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According to new research from HTTP Archive, which regularly scans the internet’s most popular destinations, the average size of a single web page is now 965 kilobytes (KB), up more than 30% from last year’s average of 702KB.
There is absolutely no doubt that these trends are attributable to the death throes of Flash and the white knight, if-only-the-internet-was-a-damsel-in-distress emergence of HTML5 and its open web cohorts. It’s curious that the amount of Flash content hasn’t shrunk, though, which suggests that this year’s 33% increase in web page size is mostly down to a significant increase in website complexity and functionality, and not some kind of wholesale shift from Flash to HTML5.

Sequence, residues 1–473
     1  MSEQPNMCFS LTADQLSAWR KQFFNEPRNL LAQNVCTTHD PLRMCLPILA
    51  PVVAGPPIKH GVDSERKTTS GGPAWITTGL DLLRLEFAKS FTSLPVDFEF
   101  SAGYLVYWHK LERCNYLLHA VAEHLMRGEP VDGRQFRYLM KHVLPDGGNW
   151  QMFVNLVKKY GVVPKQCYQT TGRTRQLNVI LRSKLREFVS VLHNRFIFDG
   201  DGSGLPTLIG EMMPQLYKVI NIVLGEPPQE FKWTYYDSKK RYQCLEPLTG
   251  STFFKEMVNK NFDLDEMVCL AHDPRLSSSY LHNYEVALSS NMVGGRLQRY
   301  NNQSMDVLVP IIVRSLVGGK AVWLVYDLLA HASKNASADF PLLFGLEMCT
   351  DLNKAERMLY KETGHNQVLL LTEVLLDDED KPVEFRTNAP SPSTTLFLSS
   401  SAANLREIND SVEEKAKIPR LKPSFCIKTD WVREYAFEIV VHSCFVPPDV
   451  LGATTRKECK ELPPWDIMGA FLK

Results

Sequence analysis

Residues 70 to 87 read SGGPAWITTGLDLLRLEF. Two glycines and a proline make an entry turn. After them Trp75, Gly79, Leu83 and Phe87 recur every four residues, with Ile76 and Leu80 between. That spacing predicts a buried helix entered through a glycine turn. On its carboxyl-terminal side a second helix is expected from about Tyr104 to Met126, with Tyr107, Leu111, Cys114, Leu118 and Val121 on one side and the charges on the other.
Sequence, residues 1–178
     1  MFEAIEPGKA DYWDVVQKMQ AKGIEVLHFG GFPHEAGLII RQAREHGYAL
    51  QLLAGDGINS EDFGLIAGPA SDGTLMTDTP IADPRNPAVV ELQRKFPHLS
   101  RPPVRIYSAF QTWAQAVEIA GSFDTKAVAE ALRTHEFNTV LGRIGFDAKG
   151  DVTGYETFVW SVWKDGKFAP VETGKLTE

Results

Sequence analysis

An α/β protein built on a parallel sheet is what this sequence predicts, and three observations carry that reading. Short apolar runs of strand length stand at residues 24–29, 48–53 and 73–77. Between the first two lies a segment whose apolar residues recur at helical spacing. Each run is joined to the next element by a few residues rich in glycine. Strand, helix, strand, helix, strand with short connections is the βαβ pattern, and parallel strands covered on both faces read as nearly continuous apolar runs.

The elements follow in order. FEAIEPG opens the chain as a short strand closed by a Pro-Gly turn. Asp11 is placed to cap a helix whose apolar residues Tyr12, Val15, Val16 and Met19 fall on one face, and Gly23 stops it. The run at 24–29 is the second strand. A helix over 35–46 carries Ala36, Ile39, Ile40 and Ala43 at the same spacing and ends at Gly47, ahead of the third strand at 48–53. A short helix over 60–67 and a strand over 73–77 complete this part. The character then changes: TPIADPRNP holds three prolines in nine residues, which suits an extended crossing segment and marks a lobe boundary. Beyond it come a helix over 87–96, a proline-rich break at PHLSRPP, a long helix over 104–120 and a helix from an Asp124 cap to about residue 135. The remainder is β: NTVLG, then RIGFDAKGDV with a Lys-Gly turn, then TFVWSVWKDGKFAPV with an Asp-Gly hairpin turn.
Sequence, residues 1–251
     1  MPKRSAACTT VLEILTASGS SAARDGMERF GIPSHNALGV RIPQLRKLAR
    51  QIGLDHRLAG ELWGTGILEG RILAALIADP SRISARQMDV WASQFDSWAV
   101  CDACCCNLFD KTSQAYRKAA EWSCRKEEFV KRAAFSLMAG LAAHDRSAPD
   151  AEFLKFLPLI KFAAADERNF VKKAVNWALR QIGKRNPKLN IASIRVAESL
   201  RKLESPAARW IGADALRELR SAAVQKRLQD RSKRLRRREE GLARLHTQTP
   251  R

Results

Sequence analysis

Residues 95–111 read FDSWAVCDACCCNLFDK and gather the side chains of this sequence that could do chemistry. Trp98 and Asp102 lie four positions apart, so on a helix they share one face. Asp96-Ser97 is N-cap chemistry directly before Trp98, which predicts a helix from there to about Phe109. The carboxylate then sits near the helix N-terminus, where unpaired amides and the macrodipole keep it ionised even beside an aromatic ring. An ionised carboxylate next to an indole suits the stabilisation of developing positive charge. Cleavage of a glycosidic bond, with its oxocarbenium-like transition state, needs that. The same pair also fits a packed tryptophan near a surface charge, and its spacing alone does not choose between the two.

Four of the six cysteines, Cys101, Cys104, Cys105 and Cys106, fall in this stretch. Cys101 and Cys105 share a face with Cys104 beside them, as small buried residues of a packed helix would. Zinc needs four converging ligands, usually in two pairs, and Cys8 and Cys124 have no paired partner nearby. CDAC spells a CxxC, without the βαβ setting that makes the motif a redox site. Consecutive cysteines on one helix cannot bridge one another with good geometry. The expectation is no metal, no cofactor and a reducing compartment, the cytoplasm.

So, what’s the actual significance of web pages that are almost 1MB in size? Not a whole lot, when you consider that caching will reduce that amount by 70 or 80% — and the more important statistic, at least as far as latency and rendering times are concerned, “total requests,” only increased from 74 to 85 over the last year (and again, caching will reduce that by 70% or more). One valid concern is mobile 3G and 4G surfers, where carrier data caps certainly haven’t increased by 33% over the last year — but even then, many popular sites have mobile versions that use significantly less than 1MB, and again, caching!